Ted was only twenty-three when he traveled from Springfield to New York City looking for his big break. He wrote to his Dartmouth friend Whit Campbell on April 15, 1927, from the Hotel Woodstock, “I have tramped all over this bloody town and been tossed out of Boni & Liveright, Harcourt Brace, Paramount Pictures, Metro Goldwyn, three advertising agencies, Life, Judge and three public conveniences.”
Three short months later, Ted’s first professional sale, a cartoon The Saturday Evening Post purchased for twenty-five dollars and published on July 16, 1927, was all the encouragement he needed to permanently pack his bag and board a train for New York.
Before summer’s end, Ted was sharing a one-room walkup with his Dartmouth buddy John C. Rose. Rose knew “Beef” Vernon, another Dartmouth man who sold advertising for Judge, and brokered an interview for Ted with the editor, Norman Anthony. Recognized in New York for knowing talent when he saw it, Anthony offered Ted the job that jump-started his career.
It was a Judge cartoon in which Ted used Flit bug spray in the punch line that led to a seventeen-year Flit advertising campaign with Standard Oil of New Jersey. Ted’s catchphrase “Quick, Henry, the Flit!” soon entered the American vernacular and Flit sales increased wildly. By the time Ted returned to Dartmouth in the spring of 1928 for a reunion, his celebrity was duly noted by friends and professors.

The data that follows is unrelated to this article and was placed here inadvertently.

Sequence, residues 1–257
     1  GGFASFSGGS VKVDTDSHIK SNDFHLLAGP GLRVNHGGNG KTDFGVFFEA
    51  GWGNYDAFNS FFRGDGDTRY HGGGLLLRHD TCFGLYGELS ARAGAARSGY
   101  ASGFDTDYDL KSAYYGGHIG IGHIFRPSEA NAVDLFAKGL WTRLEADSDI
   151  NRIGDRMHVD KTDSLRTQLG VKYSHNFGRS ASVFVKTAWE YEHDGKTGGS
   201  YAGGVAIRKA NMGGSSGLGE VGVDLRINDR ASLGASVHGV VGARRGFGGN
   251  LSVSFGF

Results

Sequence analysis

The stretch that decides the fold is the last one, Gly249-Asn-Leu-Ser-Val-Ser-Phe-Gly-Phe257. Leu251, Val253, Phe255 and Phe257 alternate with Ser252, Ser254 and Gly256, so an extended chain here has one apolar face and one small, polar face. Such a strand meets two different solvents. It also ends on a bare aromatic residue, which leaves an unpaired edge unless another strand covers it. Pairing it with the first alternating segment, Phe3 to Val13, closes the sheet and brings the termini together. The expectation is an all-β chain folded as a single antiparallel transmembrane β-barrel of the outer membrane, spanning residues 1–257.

With the success of his Flit advertising campaign, Ted realized a quick and bright introduction into many of the day’s leading periodicals, with editorial cartoons and advertising illustrations running in Vanity Fair, Life, Redbook, and Liberty magazines.
All information excerpted from: Secrets of the Deep, the Lost, Forgotten, and Hidden Works of Theodor Seuss Geisel and The Cat Behind the Hat